Up to ten million Americans are diagnosed with eating disorders each year. While as many as one million of them are male, the most common sufferers are girls who appear to be well-adjusted with good grades, sports participation, and busy social lives. However, on the inside they may feel empty or out of control. Is it biology? Is it the predictable effect of a "Barbie culture" that values, advertises, and promotes extreme thinness? Both?
Because there is no definitive cause for eating disorders, there is no easy prescription to prevent them. As parents, our best defense against this threat is awareness. In this study, parents will receive practical tips to help them recognize the signs of the three basic types of eating disorders: anorexia, bulimia, and binge eating.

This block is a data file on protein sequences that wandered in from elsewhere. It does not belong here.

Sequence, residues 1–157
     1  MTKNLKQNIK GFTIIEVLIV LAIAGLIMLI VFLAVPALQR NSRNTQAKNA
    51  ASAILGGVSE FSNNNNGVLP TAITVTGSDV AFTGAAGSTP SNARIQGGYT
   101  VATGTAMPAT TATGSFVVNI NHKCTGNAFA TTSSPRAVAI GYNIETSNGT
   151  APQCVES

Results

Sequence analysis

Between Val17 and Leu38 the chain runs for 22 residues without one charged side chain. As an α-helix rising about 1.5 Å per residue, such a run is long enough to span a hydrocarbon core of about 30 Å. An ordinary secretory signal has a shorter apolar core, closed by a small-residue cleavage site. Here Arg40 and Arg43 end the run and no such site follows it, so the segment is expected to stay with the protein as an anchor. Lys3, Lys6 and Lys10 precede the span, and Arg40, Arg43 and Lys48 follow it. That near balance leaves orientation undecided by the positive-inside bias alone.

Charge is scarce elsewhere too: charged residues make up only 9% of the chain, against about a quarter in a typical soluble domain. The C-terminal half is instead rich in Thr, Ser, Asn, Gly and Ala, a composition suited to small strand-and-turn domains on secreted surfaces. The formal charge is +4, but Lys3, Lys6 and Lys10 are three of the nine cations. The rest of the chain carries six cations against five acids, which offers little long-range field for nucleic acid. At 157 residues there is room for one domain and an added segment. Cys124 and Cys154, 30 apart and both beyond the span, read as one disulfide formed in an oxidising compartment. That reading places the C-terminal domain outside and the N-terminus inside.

Study questions are provided to encourage parents to examine and, if necessary, modify the appearance expectations they have about their own children. Parents are also encouraged to examine their own attitudes, beliefs, prejudices, and behaviors about food, weight, body image, physical appearance, health, and exercise so they model appropriate values for their children.
Self-esteem may be the universal vaccine that can immunize a youngster against eating problems, body image distortion, exercise abuse, and many other problems.